History of Art and Architecture
The concentration in History of Art and Architecture introduces students to the history of art, architecture, and visual culture. Students in HIAA explore Western and non-Western areas ranging over a wide period of time (Ancient, Medieval, Islamic, East Asian, Latin American, Early Modern, Modern/ Contemporary). Concentrators often focus on a particular period (e.g. ancient, modern architecture), a particular branch of the field (e.g. urbanism), or a methodology (e.g. semiotics, critical interpretation, archaeology), but students may choose to create their own program of study. Concentrators will receive essential training in perceptual, historical, and critical analysis. Concentrators often study abroad for first-hand knowledge of works of art and monuments as well as for exposure to foreign languages and cultures. Because foreign language skills are essential for pursuing art historical studies in a professional environment or in graduate school, HIAA requires two years of foreign language study.
Students in this concentration will:
- Examine visual cultures across historical periods and geographic regions
- Develop an awareness of the history and theories of architecture and urban development
- Demonstrate fluency in a foreign language through the intermediate level
- Understand how objects of material culture are made, viewed, and collected
- Become conversant in perceptual, historical, and critical analysis
- Engage in independent research
Click here for a list of the History of Art and Architecture concentration requirements.
Honors and CapstonesView Honors website
All students are encouraged to develop one of their seminar papers into a capstone project, in consultation with the instructor. Capstones can include UTRAs, undergraduate TA-ships, internships, perfecting a seminar paper, GISP, etc. The capstone and any related course of study, including internships, must be approved and overseen by a faculty sponsor.
Students wishing to write an Honors thesis should have an A average in the concentration. It is advisable for them to have taken at least one seminar in the department and written a research paper before choosing to undertake a thesis. Students accepted into the Honors program enroll in HIAA 1990 during the fall and spring semesters. Honors candidates must submit a thesis and present their honors work publically at the end of the spring semester.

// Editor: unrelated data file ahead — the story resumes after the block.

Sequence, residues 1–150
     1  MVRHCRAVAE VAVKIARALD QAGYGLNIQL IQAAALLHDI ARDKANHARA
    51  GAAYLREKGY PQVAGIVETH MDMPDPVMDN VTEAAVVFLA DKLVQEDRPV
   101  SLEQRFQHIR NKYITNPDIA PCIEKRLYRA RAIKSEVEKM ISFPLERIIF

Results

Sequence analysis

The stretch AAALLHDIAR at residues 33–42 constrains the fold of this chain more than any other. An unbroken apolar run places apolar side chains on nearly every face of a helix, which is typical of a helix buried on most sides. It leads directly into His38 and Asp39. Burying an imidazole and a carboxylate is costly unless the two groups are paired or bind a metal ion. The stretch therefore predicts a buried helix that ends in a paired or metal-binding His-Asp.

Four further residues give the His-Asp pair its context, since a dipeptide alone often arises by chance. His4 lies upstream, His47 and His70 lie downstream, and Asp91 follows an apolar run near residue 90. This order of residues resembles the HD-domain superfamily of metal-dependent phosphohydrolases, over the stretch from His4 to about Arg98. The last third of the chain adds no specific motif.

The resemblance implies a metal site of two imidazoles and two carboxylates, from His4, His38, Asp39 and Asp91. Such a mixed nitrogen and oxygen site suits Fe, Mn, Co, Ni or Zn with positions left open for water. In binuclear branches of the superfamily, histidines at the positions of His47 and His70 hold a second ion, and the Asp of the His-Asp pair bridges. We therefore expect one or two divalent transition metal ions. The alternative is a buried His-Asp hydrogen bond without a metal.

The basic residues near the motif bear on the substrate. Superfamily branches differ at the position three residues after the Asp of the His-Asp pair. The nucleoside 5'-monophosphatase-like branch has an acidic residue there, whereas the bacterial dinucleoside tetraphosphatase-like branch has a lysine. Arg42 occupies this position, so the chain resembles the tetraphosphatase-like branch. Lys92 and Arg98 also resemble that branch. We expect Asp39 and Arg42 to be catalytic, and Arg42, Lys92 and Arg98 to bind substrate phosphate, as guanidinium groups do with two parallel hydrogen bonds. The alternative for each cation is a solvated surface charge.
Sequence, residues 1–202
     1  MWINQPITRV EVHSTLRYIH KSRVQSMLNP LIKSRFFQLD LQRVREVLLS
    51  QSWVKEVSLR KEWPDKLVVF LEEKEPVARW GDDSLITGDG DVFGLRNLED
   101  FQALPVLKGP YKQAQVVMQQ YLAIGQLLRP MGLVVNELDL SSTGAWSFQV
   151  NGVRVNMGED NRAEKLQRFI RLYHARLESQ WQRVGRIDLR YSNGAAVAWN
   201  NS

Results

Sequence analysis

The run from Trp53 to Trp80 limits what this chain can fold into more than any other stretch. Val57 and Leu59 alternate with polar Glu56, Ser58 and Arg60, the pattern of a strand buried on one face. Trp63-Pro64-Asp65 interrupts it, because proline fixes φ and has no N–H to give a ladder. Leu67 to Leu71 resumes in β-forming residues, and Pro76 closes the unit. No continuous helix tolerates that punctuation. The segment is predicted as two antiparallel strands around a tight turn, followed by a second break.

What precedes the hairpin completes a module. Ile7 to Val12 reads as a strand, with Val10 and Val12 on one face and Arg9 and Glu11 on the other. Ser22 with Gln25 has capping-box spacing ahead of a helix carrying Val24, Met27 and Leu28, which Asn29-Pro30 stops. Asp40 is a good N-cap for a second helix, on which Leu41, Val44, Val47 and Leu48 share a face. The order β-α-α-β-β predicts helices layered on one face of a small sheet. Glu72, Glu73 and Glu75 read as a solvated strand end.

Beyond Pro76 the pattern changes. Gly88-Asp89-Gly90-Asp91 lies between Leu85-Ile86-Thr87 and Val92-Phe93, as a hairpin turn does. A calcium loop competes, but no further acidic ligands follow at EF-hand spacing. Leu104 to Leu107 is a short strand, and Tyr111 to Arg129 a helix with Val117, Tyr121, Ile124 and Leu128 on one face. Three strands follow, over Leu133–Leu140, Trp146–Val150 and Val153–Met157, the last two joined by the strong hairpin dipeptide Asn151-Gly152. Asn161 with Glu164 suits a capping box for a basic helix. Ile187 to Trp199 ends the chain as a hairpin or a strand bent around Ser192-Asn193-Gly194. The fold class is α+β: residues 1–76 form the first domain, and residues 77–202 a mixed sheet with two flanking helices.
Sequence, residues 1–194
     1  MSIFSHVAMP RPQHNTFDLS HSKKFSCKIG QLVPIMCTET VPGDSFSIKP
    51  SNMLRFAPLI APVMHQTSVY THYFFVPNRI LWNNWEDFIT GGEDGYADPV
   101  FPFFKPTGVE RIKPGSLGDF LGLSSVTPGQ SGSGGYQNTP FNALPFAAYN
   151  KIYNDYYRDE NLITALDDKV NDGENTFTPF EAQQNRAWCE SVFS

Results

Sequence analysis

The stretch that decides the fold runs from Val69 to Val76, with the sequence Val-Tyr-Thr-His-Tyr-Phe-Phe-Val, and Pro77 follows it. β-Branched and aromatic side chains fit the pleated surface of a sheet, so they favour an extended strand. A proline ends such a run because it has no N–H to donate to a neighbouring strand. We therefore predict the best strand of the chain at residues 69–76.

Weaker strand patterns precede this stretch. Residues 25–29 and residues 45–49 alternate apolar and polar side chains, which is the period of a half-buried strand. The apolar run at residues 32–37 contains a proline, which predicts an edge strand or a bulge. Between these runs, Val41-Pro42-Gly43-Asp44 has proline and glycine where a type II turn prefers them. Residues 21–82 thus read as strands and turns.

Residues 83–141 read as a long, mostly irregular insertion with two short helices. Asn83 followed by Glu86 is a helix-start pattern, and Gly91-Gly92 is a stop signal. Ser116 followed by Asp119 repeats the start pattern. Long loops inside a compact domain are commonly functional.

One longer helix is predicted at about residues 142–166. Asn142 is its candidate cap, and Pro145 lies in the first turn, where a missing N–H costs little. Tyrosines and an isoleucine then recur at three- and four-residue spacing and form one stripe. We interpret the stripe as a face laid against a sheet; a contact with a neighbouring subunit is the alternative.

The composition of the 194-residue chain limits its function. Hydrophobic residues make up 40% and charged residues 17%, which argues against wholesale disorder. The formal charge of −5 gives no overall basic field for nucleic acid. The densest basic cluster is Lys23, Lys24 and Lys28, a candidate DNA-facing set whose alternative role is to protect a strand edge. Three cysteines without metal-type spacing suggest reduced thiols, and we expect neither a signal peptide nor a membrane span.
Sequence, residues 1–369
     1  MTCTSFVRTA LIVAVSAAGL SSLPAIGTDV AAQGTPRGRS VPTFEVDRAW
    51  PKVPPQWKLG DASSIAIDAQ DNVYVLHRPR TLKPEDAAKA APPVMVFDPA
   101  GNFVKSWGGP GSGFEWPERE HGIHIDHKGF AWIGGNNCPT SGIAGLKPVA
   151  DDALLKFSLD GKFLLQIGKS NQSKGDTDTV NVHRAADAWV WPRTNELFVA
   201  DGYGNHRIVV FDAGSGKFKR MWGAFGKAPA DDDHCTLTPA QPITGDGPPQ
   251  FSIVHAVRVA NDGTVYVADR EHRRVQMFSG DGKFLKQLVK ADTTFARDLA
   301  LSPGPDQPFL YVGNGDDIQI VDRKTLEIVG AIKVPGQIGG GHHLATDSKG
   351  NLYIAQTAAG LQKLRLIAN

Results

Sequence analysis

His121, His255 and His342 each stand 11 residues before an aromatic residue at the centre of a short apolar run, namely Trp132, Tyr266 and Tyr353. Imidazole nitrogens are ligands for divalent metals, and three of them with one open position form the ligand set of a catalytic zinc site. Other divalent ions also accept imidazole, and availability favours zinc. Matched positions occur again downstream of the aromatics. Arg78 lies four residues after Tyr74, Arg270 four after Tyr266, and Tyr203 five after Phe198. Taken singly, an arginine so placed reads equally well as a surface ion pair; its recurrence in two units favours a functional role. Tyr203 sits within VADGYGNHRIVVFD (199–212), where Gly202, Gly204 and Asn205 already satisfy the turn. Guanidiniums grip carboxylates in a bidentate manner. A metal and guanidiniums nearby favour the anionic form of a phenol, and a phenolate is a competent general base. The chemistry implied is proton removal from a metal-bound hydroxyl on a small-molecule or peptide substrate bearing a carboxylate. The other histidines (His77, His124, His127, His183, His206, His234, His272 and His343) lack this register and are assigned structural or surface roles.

Self-Assessment: All second semester seniors are required to write a final essay that takes measure of what they have learned from the concentration, including their capstone and other experiences relating to their study of the history of art and architecture. The self-assessment should be turned in with a revised list of courses actually taken and the final paperwork for concentration approval. For more information about the Self-Assessment process as well as the Honors application process and requirements, visit the program website.
- Architectural Studies
This concentration allows you to address the following Liberal Learning goals:
- Enhance your aesthetic sensibility
- Expand your reading skills
- Collaborate fully
- Understand differences among cultures
- Embrace diversity
- Engage with your community
- Develop a facility with symbolic languages
- Learn what it means to study the past
- Evaluate human behavior
- Work on your speaking and writing
Director of Undergraduate Studies
HIAA alumni have earned graduate degrees in law, engineering, business, architecture, the history of art, and education. They work as curators, artists, designers, investment bankers, educators, and small business owners in the U.S. and throughout the world.
Dept. Undergraduate Group
Visit this DUG's website to learn more.
- Ruby Stenhouse
- Elaine Wang